Everett CollectionJimmy Stewart in Vertigo, 1958.

Jimmy Stewart suffers from high anxiety in what some consider to be Alfred Hitchcock’s greatest film.

At the risk of sounding slow-witted, I must complain that Alfred Hitchcock’s Vertigo was a little too difficult for me. I had to concentrate so narrowly on the labyrinth of the plot that I never broke out in the cold sweat which is the emotional reward of a good thriller. Even so, I’m not sure that I could successfully diagram the evil stratagem. Mr. Hitchcock is employing in this film an impressionist manner which is the last word in whodunit sophistication and which relieves the storyteller of the need to demonstrate that the time schedule will work, that the corpse will keep its secrets, or that the various gulls will indeed assume what they are intended to assume. In the end, it is not a murder that inspires entire confidence.

This may sound finicky—who cares about the plausibility of The Lady Vanishes? But Vertigo belongs to a less innocent school of hocus-pocus. The story is the work of Pierre Boileau and Thomas Narcejac, who also provided Clouzot with the plot for Diabolique, and these two fabricators operate in the area of up-to-date psychology. So the spectator is encouraged to ask not only could it, but would it happen. You undoubtedly care more about the people in this picture than you do about the inhabitants of most thrillers, but for that very reason you may the more sharply resent the contemptuous way in which they are twitched through their adventures. Vertigo is not as cruel a picture as Diabolique, but for Hitchcock it is surprisingly cruel.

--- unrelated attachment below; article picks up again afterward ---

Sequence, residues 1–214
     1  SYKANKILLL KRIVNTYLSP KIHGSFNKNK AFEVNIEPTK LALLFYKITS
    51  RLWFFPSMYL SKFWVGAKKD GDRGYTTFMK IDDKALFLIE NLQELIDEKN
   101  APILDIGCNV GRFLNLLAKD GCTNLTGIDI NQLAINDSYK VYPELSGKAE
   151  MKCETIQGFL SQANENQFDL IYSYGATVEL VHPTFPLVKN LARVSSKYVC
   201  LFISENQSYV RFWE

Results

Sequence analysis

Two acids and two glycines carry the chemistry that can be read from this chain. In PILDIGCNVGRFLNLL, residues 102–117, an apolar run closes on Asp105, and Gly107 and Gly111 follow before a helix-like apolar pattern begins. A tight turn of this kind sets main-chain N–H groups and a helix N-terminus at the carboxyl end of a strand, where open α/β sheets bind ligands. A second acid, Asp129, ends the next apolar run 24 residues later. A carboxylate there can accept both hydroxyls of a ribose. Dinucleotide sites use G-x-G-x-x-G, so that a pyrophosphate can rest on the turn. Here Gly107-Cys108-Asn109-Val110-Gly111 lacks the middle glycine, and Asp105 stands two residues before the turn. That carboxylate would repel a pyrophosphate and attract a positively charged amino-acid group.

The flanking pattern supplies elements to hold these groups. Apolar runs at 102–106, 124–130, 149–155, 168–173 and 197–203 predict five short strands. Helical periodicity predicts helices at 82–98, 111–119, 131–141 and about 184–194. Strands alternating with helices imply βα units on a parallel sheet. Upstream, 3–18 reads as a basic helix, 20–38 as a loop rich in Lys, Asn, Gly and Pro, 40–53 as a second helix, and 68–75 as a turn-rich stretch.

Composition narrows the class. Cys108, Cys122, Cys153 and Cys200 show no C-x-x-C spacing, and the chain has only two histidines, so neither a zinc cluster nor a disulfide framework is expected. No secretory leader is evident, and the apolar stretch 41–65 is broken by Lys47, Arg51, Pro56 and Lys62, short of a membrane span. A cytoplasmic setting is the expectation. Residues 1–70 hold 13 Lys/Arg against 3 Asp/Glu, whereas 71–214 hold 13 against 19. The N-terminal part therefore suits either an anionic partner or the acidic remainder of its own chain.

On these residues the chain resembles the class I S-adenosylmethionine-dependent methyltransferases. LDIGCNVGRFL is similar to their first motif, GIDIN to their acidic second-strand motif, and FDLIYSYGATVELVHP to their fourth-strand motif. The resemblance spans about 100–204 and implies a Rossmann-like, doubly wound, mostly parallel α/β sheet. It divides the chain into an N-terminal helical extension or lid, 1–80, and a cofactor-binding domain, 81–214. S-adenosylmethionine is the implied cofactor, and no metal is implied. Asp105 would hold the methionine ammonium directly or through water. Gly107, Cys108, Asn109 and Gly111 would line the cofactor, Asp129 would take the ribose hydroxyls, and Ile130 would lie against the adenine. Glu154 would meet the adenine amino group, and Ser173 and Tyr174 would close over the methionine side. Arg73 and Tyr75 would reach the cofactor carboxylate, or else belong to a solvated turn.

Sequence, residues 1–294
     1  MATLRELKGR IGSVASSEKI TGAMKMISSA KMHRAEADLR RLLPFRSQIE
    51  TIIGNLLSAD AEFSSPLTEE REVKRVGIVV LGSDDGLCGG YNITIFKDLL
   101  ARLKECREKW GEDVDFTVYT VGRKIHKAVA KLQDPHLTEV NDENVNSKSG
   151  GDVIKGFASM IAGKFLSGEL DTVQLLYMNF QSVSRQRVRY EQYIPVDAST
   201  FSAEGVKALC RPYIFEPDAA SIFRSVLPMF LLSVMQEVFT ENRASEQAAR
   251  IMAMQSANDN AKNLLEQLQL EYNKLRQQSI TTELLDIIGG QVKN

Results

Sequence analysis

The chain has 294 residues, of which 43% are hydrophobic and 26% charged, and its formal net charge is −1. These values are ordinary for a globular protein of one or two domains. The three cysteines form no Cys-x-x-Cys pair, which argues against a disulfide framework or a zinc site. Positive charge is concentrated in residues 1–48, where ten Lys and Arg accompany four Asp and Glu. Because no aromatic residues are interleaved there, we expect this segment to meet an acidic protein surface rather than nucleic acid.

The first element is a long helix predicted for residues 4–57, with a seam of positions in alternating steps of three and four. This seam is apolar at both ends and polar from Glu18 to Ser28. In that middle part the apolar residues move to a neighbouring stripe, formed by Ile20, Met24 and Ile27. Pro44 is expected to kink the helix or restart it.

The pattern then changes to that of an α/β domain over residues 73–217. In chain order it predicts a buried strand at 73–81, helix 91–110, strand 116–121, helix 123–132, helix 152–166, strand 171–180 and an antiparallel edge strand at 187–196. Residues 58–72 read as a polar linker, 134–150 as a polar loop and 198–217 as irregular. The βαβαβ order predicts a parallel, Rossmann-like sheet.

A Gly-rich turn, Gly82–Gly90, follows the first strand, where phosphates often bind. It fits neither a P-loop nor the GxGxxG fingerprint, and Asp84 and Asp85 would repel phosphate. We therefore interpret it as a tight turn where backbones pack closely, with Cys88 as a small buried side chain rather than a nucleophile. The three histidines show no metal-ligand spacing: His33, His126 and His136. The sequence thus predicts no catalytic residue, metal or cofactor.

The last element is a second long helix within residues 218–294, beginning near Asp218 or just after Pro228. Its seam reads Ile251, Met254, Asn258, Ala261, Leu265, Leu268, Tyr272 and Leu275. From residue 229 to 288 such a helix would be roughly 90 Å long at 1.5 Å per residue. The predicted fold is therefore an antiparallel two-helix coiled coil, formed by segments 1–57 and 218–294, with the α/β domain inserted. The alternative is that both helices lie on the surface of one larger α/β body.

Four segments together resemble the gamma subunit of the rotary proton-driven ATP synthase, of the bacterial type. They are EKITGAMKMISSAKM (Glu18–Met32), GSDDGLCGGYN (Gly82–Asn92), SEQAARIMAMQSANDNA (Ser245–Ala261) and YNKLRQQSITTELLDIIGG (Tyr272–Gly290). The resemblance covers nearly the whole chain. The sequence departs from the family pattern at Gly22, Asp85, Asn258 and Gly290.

On the credit side, the picture moves rapidly through some pretty San Francisco and Northern California coastal scenery, and James Stewart carries out his detective and romantic assignments with easy grace and warmth. Kim Novak is excellently eye-catching in costumes a size too small for her; she seems stultified, but the plot calls for repressed behavior and I could not tell whether this was a case of good acting or good casting. Barbara Bel Geddes is given an important and faintly sinister role with horn-rimmed glasses; this comes to nothing, however, and that sort of false emphasis is a real defect in the game of crime chess.